The 8 Best Food Cities in the World

by Huffington Post21 April 2015 Last updated at 14:23 PM - Travelers love to eat--that's why every year, as part of our Readers' Choice Awards survey, we ask our readers to rank their favorite food cities around the world.

8. Singapore


Courtesy Sorrel

In recent years, Singapore has become one of Asia's most exciting food cities. You'll find the likes of Mario Batali (Osteria Mozza) and Daniel Boulud (DB Bistro Moderne) alongside acres of hawker centers plying chewy hokkien mee noodles, fish head curry, and other only-in-Singapore specialties for around $5-$6 each. These clean, well-lit spots feed the democratic masses and delight visiting foodies; the ones at Newton, Old Airport Road, and Jurong West are worth the trek. But big-name chefs are still making their mark: In 2015, David Thompson of Bangkok's Nahm opened Long Chim, while Lima's Pedro Miguel Schiaffino will man the restaurant at The Patina Capitol, Singapore's only seriously luxurious boutique hotel (opening in July). Singapore's own Loh Lik Peng opened the haute-dining-in-a-shopfront experience Sorrel (pictured), the surf-and-turf lunch spot The Market Grill, and the barbecue joint Meatsmith this year alone--all of them in up-and-coming Telok Ayer neighborhood.--Maria Shollenbarger

7. Hong Kong, China


Courtesy of 22 Ships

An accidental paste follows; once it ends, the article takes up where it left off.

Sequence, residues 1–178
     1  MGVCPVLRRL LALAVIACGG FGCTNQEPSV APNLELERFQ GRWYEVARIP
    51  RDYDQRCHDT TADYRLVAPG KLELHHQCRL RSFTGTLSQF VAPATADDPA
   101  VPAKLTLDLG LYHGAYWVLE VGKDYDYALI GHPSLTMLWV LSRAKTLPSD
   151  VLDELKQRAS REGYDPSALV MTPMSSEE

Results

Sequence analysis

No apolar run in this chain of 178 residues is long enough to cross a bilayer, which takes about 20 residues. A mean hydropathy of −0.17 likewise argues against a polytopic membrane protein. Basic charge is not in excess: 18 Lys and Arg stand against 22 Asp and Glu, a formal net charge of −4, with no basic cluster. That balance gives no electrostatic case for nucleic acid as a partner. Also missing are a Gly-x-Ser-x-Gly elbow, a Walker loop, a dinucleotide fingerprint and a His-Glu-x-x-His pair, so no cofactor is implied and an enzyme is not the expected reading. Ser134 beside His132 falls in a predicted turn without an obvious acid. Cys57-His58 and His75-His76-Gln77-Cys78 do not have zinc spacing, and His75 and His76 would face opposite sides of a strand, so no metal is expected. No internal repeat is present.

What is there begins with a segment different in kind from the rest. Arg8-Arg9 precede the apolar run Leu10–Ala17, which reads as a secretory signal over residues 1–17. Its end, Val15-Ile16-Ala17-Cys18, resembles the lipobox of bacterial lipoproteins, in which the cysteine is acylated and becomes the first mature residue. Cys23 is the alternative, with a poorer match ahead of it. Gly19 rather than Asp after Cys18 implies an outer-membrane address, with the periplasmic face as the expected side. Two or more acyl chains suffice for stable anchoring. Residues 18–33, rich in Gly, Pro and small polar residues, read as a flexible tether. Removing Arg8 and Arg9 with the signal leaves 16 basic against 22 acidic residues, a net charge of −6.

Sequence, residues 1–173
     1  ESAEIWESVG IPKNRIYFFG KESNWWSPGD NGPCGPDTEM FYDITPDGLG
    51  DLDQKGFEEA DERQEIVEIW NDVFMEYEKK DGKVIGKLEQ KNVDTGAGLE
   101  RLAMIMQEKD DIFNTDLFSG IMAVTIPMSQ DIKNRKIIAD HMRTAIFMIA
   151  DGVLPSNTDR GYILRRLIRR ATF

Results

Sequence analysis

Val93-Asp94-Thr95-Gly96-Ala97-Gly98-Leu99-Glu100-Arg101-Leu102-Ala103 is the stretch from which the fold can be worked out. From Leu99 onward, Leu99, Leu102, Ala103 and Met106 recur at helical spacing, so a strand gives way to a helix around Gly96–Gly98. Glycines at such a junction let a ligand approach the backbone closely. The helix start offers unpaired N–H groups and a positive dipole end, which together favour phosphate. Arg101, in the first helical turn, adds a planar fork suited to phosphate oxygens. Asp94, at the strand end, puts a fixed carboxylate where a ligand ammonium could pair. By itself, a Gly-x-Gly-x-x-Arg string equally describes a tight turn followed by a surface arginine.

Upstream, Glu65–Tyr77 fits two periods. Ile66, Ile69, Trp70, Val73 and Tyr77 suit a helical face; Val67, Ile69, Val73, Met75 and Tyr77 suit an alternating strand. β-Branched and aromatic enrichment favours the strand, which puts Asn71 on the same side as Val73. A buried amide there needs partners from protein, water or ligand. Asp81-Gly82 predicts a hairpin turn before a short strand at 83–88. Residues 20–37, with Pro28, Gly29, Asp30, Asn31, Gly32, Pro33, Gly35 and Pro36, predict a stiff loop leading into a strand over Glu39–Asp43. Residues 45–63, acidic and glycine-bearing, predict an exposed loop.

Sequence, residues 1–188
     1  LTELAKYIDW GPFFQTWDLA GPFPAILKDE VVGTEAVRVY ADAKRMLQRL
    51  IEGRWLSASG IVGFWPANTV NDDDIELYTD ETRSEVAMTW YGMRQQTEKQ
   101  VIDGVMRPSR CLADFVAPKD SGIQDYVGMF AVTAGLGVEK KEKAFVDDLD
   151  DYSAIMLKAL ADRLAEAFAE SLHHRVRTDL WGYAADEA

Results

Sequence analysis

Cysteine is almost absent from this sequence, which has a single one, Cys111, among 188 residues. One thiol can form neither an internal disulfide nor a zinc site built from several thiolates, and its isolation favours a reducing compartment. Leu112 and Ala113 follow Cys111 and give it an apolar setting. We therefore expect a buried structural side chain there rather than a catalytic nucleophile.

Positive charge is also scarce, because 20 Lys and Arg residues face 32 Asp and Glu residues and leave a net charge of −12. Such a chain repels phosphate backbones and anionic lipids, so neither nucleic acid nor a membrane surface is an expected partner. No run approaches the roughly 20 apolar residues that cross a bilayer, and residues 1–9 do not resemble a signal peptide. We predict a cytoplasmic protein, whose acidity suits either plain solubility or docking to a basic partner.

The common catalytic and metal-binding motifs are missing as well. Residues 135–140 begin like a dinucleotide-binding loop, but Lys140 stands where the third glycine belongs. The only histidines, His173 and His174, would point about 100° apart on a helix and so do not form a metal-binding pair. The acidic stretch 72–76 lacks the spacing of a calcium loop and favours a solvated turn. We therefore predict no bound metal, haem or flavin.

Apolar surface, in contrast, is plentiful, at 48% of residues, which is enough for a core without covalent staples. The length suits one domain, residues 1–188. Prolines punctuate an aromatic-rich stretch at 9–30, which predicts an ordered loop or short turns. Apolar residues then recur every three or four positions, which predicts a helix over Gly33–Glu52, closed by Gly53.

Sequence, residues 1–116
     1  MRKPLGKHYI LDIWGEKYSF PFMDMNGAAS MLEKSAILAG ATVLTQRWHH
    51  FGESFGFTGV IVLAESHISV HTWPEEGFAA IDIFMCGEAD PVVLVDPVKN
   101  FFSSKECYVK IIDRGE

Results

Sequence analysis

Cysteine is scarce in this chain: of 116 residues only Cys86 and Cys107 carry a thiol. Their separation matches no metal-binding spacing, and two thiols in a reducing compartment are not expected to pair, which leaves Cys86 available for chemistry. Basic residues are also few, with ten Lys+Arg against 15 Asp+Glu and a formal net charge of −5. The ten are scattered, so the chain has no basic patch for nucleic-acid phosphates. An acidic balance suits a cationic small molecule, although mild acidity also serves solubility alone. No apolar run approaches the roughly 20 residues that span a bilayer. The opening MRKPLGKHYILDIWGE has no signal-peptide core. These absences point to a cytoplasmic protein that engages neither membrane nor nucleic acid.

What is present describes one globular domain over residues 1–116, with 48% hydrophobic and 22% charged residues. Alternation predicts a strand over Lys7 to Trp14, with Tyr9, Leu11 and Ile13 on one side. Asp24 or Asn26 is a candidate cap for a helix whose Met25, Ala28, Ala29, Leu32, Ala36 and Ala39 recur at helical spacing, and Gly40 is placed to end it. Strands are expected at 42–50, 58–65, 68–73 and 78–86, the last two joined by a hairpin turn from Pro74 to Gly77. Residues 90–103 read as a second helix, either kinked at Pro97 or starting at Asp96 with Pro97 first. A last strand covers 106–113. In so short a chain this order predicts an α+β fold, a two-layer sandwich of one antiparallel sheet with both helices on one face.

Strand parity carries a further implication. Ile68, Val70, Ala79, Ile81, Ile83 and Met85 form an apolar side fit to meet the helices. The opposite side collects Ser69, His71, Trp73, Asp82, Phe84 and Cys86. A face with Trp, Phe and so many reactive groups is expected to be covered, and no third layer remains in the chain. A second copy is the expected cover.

Hong Kong's food scene was long bookended by the starchy, formal high end--with Continental or haute-Cantonese cuisine dominating--and scrappy but delectable dim sum and noodle parlors. Today, that paradigm's been turned on its head: London's Jason Atherton brought casual tapas to town at 22 Ships (pictured) and Ham & Sherry, helping to transform the neighborhood of Wan Chai in the process; plus, his Aberdeen Street Social is one of the hottest seats in town. Dim sum parlors have also been gussied up: The Ilse Crawford-designed Duddell's has a members'-club feel upstairs in the bar, but downstairs its modern-classic dumplings and exquisite presentation have earned it a Michelin star. Over at Mott 32, killer minced beef balls, soup dumplings, and Peking duck are served in a dim, sexy space in the basement of the Standard Chartered building.--Maria Shollenbarger

6. Tokyo, Japan


It's hard to know where to begin when it comes to eating in Japan's capital city. Do you sample omakase at one of the city's sushi joints? (Sukiyabashi Jiro, made famous by Jiro Dreams of Sushi, is nigh-impossible to get into; try Sushi Masuda, opened by Jiro apprentice Rei Masuda, instead.) What about more casual fare at an izakaya, or noodles at one of the many ramen shops throughout Tokyo? Plan ahead to take it all in; cookbook author Stephanie Le's guide to the city's food scene is an excellent place to start. --Amy Plitt

5. Rome, Italy


Mikkel Vang

While some well-known bars, restaurants, and gelateria in the Eternal City are marching down the well-worn path to becoming a tourist trap, many others have resisted. Since 1961, the perfectly positioned Armando al Pantheon (pictured) has been delightfully consistent, serving Roman classics like spaghetti alla griscia and seasonal favorites (puntarelle, carciofi alla Romana) with care to tourists and locals alike. And at Sciascia Caffe, a sip of the signature espresso mixed with bitter chocolate is transportive, taking you to a Rome of another era. But eating in Rome is not only about nostalgia: Gabriele Bonci's hugely successful 'new wave' pizza al taglio (by the slice) Pizzarium has recently expanded; and as a counterpoint to the tired Campo di Fiori market, the considerably more authentic Mercato di Testaccio has been inaugurated anew. --David Prior

4. Florence, Italy